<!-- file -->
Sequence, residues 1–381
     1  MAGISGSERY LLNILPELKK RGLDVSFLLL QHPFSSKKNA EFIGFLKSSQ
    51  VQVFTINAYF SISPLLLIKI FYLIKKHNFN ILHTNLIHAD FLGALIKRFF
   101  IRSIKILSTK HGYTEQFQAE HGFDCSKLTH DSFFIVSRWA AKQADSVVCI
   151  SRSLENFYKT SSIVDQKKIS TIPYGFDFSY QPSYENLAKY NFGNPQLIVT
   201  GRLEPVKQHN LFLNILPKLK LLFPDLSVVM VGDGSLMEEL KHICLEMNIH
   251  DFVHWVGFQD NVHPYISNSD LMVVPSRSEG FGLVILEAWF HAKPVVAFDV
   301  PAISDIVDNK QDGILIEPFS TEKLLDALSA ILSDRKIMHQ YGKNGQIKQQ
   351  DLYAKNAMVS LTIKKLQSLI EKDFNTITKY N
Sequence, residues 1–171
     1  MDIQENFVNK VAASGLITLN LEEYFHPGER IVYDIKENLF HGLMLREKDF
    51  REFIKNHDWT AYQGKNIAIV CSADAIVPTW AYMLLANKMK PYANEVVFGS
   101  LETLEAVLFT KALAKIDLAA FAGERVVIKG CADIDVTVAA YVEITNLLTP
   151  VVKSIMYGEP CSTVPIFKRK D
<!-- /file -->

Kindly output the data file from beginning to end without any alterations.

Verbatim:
Sequence, residues 1–381
     1  MAGISGSERY LLNILPELKK RGLDVSFLLL QHPFSSKKNA EFIGFLKSSQ
    51  VQVFTINAYF SISPLLLIKI FYLIKKHNFN ILHTNLIHAD FLGALIKRFF
   101  IRSIKILSTK HGYTEQFQAE HGFDCSKLTH DSFFIVSRWA AKQADSVVCI
   151  SRSLENFYKT SSIVDQKKIS TIPYGFDFSY QPSYENLAKY NFGNPQLIVT
   201  GRLEPVKQHN LFLNILPKLK LLFPDLSVVM VGDGSLMEEL KHICLEMNIH
   251  DFVHWVGFQD NVHPYISNSD LMVVPSRSEG FGLVILEAWF HAKPVVAFDV
   301  PAISDIVDNK QDGILIEPFS TEKLLDALSA ILSDRKIMHQ YGKNGQIKQQ
   351  DLYAKNAMVS LTIKKLQSLI EKDFNTITKY N
Sequence, residues 1–171
     1  MDIQENFVNK VAASGLITLN LEEYFHPGER IVYDIKENLF HGLMLREKDF
    51  REFIKNHDWT AYQGKNIAIV CSADAIVPTW AYMLLANKMK PYANEVVFGS
   101  LETLEAVLFT KALAKIDLAA FAGERVVIKG CADIDVTVAA YVEITNLLTP
   151  VVKSIMYGEP CSTVPIFKRK D